ome remedies were born of too few doctors for too many rural patients. Home remedies have worked over the years, however, because they were born of the earth. They came from trusted people like grandmothers and the neighborhood healer. They were time-tested and, in some cases, free. Myths are simply under-education: for a more in depth look at acne, contact New York medical and cosmetic dermatologists, Vanguard Dermatology. Here are five myths about acne home remedies and the science behind them.
Myth 1: Acne is caused by dirt and oil.
Science: No one knows what causes acne. However, it doesn’t take a rocket scientist to see that what goes in has to come out. For example, people are plagued with air pollution, pollen, dirt, dust and a score of pollutants every day. They enter the body by being inhaled, blown by wind onto the skin, and eaten and drunk. They exit out through sweat, clearing the lungs of mucus by coughing or blowing the nose, waste excretion, headaches and through the pores. In a manner of speaking, yes, acne is caused by dirt. It manifests as blackheads, whiteheads and raised red spots.
Myth 2: S/He’ll Grow Out of It
Science: Medical professionals are aware that acne is not just for young people, nor will they grow out of it. Acne can cause scarring and disfigurement. Doctors will prescribe a healthy diet, exercise and good sleep patterns, in an effort to introduce healthy lifestyle practices. This will purge the body of the contaminants that need to come out. Medications will be prescribed to help clear the pores and prevent additional breakouts.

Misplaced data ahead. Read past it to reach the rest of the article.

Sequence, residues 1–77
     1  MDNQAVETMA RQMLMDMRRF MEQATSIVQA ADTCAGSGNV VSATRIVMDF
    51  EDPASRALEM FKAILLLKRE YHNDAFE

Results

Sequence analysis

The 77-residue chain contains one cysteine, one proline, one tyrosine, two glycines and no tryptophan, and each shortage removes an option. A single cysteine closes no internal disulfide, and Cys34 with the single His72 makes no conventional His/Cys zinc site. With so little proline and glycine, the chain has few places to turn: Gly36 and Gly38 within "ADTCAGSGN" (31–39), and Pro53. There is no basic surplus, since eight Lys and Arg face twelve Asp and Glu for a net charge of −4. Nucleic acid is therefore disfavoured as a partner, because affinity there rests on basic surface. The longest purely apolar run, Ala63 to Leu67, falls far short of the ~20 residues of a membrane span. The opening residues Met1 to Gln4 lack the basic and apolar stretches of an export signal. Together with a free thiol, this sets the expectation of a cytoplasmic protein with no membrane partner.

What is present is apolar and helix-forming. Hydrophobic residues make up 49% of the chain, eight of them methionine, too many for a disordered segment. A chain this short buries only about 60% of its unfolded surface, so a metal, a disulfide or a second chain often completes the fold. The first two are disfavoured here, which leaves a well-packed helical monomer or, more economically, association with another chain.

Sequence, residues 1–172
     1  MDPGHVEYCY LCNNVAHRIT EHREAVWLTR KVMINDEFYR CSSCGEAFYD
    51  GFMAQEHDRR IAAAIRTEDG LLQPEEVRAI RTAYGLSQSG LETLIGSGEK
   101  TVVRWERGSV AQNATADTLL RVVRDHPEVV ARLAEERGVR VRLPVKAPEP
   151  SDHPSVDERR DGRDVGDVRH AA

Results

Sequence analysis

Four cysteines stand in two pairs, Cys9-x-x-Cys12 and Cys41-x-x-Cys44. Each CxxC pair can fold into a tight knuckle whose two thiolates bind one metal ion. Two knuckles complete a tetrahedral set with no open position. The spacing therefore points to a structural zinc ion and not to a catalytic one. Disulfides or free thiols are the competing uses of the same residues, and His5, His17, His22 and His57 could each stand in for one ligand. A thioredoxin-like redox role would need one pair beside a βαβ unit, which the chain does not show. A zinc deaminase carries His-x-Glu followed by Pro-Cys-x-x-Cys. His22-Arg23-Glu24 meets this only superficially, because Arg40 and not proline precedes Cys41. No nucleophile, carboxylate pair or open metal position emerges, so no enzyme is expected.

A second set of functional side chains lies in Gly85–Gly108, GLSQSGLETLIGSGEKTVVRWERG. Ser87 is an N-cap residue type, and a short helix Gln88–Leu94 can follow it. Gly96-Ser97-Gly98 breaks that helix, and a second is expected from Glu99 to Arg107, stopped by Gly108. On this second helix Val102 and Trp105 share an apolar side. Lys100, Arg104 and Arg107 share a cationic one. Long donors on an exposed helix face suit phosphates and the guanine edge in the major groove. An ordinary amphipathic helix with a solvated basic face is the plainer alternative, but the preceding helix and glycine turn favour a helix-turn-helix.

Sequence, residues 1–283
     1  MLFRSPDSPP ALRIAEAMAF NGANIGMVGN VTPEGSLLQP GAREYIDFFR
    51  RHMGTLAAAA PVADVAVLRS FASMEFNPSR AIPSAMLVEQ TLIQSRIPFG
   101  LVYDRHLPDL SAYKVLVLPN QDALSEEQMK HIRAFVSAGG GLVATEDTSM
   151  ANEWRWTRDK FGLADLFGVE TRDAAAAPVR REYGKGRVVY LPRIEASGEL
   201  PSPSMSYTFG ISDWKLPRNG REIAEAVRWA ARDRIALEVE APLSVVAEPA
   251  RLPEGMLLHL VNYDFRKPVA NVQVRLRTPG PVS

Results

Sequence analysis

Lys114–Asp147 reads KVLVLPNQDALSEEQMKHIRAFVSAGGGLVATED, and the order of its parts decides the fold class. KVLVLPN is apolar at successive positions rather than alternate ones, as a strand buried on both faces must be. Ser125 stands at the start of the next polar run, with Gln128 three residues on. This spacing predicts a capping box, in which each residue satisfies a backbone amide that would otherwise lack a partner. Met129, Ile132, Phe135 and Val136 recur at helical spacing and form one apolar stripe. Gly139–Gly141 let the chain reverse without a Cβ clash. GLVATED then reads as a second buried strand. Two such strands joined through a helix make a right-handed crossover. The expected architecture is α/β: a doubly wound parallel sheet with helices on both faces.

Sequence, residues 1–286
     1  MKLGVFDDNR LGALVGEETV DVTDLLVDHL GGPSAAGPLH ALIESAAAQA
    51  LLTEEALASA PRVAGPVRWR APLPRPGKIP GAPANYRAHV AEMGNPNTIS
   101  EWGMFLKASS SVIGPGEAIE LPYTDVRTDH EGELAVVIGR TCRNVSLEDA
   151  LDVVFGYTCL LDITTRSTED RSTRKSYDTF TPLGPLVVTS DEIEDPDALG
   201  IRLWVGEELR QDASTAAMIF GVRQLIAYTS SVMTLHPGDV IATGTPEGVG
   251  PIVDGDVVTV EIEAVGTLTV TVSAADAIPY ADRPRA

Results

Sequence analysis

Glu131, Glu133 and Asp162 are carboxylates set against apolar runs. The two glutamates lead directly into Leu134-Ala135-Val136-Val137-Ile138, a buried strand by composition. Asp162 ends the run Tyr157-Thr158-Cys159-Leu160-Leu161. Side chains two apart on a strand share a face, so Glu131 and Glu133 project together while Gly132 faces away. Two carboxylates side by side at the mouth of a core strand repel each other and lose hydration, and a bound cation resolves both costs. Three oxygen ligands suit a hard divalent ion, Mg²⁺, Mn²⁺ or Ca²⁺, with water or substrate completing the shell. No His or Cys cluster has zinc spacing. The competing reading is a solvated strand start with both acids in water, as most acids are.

Science: Dark chocolate contains antioxidants that help the immune system fight intruders. What strengthens the body will not cause acne. Folks say oily foods like pizza, French fries and fried chicken will cause acne. They don’t. The oils aren’t good for people, but it can cause diabetes or high cholesterol rather than acne.
Myth 4: Acne is Caused by Stress
Science: While it’s true that stress can mess a body over, it’s also true that stress does not cause acne. Some of the medications used to treat stress have long lists of side effects, among which is acne. Stress can make existing conditions worse, and that includes acne. Primary care physicians should be consulted regarding changing medications for those that don’t have acne as a side effect.
Myth 5: Use Toothpaste to Treat Acne
Science: Toothpaste contains fluoride, sodium bicarbonate, or baking soda, and sodium carbonate peroxide, all whiteners. It contains other ingredients to make it foam and taste good, but none of these alleviate acne. Acne spots don’t need to be bleached. Toothpaste ingredients can irritate the skin and make acne worse.
Since no one knows what causes acne, taking certain precautions can only help. Eat foods high in antioxidants, because they strengthen the immune system. This will fight off alien things inside the body before they can erupt into a problem like acne. Foods that detox the body, including the skin, such as cucumbers, Vitamin A-rich veggies like potatoes and bad-bacteria-busters like yogurt help the body heal from the inside out. Drinking plenty of water not only keeps the body hydrated, which in itself helps to fight acne. It also flushes impurities out of the system. Acne is such an impurity.
About the author:
Vanguard Dermatology has several locations in New York City. Connect with them on Facebook to learn more about acne